Egyptian President Morsi has been toppled, and a judge will be the country’s new interim leader. But in reality, he’s just a puppet. Behind the scenes, General Abdel-Fattah el-Sissi and his military apparatus will continue to call the shots.

Adly Mansour’s rise to power has been a rapid one. On Monday, the career judge was sworn in as chief justice of Egypt’s Supreme Constitutional Court. By Wednesday night, President Mohammed Morsi had been deposed, the constitution suspended, and Mansour was declared the country’s new interim leader, set to be sworn in on Thursday. Along with a cabinet of technocrats, he’ll govern the country until new elections.

But no one knows if and when these elections might take place. And Mansour won’t be Egypt’s most important man, even if the justice, who served in the country’s top court under deposed autocrat Hosni Mubarak, now calls himself head of state. That’s because behind the scenes, the military, led by General Abdel-Fattah el-Sissi, plans to continue running the show.

Since it took power in a coup in 1952, the military has remained the most important political player in Egypt. Neither Mubarak’s fall in 2011, nor the short rule by Morsi, a member of the Muslim Brotherhood, have changed this. El-Sissi demonstrated just how powerful the influence of the military’s generals is on Wednesday night, when, after giving Morsi 48 hours to leave office, he summarily informed the president that he was no longer the leader of the country. No matter that Morsi was the country’s first democratically elected head of state.

Now Morsi and most of his aides are under house arrest. In addition, two leading politicians with the Muslim Brotherhood’s Freedom and Justice Party (FJP) have been arrested. According to the state newspaper Al-Ahram, another 300 members are wanted.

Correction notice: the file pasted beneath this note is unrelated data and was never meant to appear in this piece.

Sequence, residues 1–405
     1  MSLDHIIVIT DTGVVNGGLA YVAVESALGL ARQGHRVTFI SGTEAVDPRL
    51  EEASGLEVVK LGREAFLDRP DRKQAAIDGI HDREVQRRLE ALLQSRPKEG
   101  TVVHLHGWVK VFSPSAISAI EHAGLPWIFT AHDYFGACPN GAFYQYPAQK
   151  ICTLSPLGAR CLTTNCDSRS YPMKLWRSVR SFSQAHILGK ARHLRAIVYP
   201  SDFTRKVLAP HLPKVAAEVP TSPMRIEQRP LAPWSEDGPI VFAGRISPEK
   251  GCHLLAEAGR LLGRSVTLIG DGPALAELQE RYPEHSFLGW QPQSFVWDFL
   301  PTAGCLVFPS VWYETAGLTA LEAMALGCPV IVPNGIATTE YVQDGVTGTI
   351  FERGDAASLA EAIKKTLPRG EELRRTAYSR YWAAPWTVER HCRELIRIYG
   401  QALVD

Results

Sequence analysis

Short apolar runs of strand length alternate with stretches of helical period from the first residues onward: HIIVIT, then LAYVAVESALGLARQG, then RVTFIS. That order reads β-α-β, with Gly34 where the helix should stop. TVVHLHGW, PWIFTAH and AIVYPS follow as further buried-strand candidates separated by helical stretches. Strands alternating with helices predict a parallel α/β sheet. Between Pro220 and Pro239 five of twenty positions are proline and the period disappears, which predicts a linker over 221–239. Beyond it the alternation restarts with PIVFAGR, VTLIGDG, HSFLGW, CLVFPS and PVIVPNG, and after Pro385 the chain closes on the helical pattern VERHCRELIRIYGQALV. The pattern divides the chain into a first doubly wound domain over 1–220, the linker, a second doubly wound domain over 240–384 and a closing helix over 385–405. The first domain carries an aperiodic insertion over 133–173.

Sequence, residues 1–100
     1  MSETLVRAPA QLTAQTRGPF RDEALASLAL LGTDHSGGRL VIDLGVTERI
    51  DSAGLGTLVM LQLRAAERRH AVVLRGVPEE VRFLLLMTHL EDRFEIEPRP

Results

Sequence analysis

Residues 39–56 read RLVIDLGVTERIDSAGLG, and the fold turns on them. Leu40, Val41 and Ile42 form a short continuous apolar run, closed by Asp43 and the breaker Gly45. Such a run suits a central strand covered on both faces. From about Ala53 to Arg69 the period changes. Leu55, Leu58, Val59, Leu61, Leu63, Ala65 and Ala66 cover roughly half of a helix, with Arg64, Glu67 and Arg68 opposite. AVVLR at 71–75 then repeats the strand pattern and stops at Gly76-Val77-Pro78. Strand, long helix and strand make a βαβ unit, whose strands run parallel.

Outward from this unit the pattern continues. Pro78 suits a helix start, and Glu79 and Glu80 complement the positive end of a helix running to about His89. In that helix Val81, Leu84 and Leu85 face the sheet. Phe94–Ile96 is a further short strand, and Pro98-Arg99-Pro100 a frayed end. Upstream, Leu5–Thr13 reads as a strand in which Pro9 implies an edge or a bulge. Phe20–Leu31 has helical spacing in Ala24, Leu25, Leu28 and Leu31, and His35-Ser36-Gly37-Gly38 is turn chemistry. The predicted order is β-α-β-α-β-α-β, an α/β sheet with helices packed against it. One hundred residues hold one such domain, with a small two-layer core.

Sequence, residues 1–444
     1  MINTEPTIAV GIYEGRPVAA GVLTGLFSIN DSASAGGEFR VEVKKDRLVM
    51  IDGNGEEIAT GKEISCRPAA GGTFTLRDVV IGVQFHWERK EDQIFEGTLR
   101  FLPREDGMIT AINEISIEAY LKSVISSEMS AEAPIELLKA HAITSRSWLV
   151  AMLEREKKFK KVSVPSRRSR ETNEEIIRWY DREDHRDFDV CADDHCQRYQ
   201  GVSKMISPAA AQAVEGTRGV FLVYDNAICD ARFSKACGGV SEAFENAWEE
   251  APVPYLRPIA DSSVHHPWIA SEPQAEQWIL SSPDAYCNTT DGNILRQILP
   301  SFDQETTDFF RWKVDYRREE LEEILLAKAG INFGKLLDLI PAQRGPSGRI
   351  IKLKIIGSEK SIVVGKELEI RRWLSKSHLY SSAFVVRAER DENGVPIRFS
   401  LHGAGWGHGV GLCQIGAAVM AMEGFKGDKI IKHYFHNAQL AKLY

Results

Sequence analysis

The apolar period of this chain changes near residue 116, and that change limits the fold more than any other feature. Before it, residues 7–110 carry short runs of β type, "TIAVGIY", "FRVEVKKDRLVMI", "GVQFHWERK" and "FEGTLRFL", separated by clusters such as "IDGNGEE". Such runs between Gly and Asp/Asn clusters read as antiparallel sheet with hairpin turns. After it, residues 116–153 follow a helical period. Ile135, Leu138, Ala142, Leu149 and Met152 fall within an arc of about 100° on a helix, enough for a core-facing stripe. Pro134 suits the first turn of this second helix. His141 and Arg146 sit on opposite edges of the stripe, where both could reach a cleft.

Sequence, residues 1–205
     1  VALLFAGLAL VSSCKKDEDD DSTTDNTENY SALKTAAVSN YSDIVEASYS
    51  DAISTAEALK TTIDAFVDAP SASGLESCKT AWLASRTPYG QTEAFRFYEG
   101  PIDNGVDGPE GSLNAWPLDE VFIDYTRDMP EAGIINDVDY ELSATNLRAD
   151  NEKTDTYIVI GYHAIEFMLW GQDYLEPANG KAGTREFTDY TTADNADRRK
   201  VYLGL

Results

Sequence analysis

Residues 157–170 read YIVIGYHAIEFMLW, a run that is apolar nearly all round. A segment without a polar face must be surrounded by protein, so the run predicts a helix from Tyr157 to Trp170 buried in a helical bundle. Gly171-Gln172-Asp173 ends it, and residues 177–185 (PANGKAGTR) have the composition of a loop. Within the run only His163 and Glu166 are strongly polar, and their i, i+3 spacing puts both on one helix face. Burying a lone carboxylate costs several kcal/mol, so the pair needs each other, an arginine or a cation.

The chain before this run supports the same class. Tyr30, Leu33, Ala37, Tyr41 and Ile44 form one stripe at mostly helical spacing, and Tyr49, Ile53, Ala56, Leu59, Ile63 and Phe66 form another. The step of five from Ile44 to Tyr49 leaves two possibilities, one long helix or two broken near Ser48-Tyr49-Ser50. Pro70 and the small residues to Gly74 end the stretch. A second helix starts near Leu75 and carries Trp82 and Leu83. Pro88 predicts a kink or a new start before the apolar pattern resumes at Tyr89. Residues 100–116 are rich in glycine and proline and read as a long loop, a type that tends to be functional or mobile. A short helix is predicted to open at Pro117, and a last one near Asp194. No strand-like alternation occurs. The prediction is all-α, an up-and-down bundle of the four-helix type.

Morsi Failed to Weaken Military

The Muslim Brotherhood, the region’s most influential Islamist movement, has fallen into disfavor. In 2011 the army let Mubarak, who was one of their own, be deposed. This time they wanted to get rid of the disagreeable Morsi. It happened despite the fact that el-Sissi was at least nominally dependent on the president, who appointed him to lead the military in August 2012, after he fired the powerful Mohammed Hussein Tantawi. At the time, some feared the Muslim Brotherhood would form an alliance with the military.

El-Sissi is known to be devout, though he sees himself as a follower of the late, secular, authoritarian Gamal Abdel Nasser, the father of modern Egypt and a critic of the Muslim Brotherhood. Morsi had probably assumed that by making El-Sissi its leader, he had weakened the military. Apparently, he was wrong.

At 58, el-Sissi is the country’s youngest general. He has never fought in a war, and only knows about conflicts with Israel from the stories of others. He belongs to a generation that was invited to receive military training in the West. In 1992 he was in Britain, and in 2006, the United States.

He made international headlines in 2011 when he justified the degrading “virginity tests” conducted by soldiers on Egyptian women who had taken part in the revolution. But el-Sissi learned from the debacle of 2011, when the military itself formed the government after Mubarak was toppled. The military leadership was openly pulling the strings, which quickly made it subject to the scrutiny of the public.

Behind the Scenes

This time the head of the military has been trying from the outset to stay in the background. The events of Wednesday night are clearly a coup — the army has deposed a democratically elected president and suspended the constitution. Yet Sissi acted as if the generals had been compelled by the Egyptian people to intervene.

Indeed, many Egyptians have welcomed the coup. The military envisions a power-sharing setup where civilians will hold primary authority. That way, they will be the ones to draw the ire of the population as they slave away to solve the country’s disastrous economic situation and mend deep political divisions.

Behind the scenes, Sissi and his colleagues set the tone, especially in two areas: Security policy is traditionally their domain, but the government should also keep clear of the generals’ monetary privileges. The army is one of the most important economic power brokers in Egypt.

It remains to be seen whether this power-sharing structure will actually work. This is exactly what the military already tried in vain with the Muslim Brotherhood. But Morsi was rebellious. He began to interfere in security policy and didn’t take the sharp warnings of the generals seriously. From their perspective, things will work out better this time under the duo of military chief and top judiciary.